And because of my experience in the Ring O'Bells, I was able to appreciate the laid back, low expectations atmosphere of Fell Bar (1571 / 2788) where two chirpy young gents greeted me as one, serving me a pint of Ghyll (one of those Cumbrian words I'd pronounce properly as the week went on even if I didn't have to go to the famous, if slightly tired, Dungeon Ghyll Hotel). They had their hands full with some uniformed red shirted people who looked like they worked for a Gaming company, asking very specific beer bore questions about boiling, mashing and temperature of the making of real ale. The bar was much as you'd expect from a micro, strange wooden sauna style decor, merchandise, offers on cans. But it was warm and pleasant in feel, and as I slipt into a beer-talk related reverie (coma), I contemplated this pub v Ring o' Bells, silently chastising myself for feeling a lot more 'at home' here, despite it being easily the less aesthetically pleasing. Funny ole' game this pub ticking lark. A big geezer who'd been keen to impose his humour on the place told a story of the death of Cream drummer Ginger Baker, thinking it was Queen drummer Roger Taylor. Everyone laughed, was no worse or better than the circumcision gag from earlier, yet here I didn't feel obliged to laugh, so didn't!
|One feature of the hols were creative pub toilets trying to look like lakeland waterfalls|
My third and final pub of the night saw me continue north through town, just past my Premier Inn conveniently enough, and in the black of night, you'd hardly have even known it was open judging by the ancient worn pub sign and very ancient frontage.
But whilst the phrase "never judge a book by its cover" generally leads to a 'positive', the exterior betrayed what I found inside at the New Union (1572 / 2789) which had a very smart, renovated, 'someone's spent a lot of money' feel, and judging by the locals sat around the room and the bar, it wasn't necessarily something they'd demanded, as it felt like they'd be more at home in a Ring o' Bells style boozer. Must be appealing to the tourist trade, but tourists don't like walking up slight hills off town centres. Still, the chap who served me seemed a kind soul and I was in the mood for Porter, always nice to end the night on a dark beer innit? I perched on an annoyingly squashy leather seat which meant I felt like Gladstone Small every time I reached up for a swig of my pint, such were the awkward neck logistics, but most of the excitement came from a dog at the bar called Barney, attached to a man I exchanged the most basic pleasantries with. It obviously wasn't a twog cos it kept coming over to say hi (I actually had a bag of mini cheddars in my pocket, and Barney had a sixth sense for these things). But when Dolly the dog entered attached to a lady, owner and Barney's attentions shifted! I imagined both this man and woman were single, and as the dogs 'got to know each other' (sniffing bums etc.) I wondered if their humans were thinking 'oh, if it only it were this easy for us!'. Feeling half like a gooseberry (a goose?), I supped up and left, saying a theatrical "good bye Barney, good bye Dolly" on the way. Surely the owners'd react? They barely noticed, as they were now looking at each other doughy eyed. Or so I hoped, wondering if BRAPA had been witness to beginnings of a romance not seen that since Bon Accord, Glasgow in 2014. Or was I just trying to make this pub more interesting?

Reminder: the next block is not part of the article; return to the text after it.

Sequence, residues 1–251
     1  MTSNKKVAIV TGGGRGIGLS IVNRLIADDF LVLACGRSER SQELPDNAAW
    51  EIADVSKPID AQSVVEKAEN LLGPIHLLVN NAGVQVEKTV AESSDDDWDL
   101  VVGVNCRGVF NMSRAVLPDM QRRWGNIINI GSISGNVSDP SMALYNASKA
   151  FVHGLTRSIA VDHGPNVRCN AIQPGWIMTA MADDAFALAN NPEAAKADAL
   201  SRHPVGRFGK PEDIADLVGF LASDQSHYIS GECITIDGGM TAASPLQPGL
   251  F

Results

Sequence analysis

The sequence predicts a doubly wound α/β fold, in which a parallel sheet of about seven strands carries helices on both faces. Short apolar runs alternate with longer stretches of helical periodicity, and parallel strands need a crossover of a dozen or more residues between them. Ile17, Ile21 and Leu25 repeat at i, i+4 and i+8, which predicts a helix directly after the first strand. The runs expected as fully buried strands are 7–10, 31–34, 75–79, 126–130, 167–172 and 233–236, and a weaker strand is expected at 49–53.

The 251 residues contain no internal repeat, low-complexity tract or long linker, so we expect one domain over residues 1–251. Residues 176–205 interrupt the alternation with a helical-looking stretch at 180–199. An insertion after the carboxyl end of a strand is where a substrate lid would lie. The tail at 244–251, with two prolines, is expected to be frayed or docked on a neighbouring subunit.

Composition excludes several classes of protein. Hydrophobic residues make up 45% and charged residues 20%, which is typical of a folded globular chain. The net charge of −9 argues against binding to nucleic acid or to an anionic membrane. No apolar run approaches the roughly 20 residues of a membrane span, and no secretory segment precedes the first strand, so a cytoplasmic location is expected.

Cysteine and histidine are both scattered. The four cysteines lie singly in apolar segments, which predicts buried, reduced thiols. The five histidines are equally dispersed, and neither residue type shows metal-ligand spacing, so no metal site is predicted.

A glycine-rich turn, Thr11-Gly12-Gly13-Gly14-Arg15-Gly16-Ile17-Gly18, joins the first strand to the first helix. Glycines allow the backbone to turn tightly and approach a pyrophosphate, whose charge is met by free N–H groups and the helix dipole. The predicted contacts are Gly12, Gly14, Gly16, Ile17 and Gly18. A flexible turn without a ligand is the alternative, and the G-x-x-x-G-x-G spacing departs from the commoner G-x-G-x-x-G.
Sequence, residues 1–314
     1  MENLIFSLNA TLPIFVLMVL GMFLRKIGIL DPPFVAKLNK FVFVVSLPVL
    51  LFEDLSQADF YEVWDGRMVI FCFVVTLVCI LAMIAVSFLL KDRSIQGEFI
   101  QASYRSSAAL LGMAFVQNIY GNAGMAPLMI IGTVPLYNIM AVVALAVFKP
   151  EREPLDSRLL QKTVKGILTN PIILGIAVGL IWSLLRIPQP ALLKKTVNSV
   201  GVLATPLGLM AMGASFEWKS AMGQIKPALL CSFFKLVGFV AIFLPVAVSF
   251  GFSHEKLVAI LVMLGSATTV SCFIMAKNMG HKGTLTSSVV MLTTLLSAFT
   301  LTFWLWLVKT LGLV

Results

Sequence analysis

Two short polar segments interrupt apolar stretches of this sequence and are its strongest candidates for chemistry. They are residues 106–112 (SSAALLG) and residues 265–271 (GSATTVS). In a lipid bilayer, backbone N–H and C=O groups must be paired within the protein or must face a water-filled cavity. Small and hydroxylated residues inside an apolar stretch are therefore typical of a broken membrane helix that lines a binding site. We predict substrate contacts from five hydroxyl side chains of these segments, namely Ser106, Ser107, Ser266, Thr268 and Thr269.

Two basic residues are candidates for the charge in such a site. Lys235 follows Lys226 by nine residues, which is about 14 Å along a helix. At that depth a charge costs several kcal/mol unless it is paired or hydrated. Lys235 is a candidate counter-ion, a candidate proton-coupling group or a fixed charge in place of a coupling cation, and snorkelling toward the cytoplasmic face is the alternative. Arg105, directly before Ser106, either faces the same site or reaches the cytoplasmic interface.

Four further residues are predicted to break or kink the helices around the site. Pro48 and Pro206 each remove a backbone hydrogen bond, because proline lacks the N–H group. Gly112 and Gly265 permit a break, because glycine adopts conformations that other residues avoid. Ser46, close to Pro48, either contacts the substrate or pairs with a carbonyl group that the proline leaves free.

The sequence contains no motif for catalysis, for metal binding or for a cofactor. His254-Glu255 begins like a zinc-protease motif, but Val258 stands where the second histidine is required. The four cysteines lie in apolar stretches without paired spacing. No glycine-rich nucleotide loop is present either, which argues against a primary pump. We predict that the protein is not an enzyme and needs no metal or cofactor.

|Barney the dog looking for mini cheddars|
|Beermat that brought back Newark memories|
I grabbed a bag of food from Tesco Express and headed back to my spooky room, for I wanted to get six pubs in tomorrow and didn't even have a plan in mind, there were that many to go at!
Join me tomorrow for tales of that,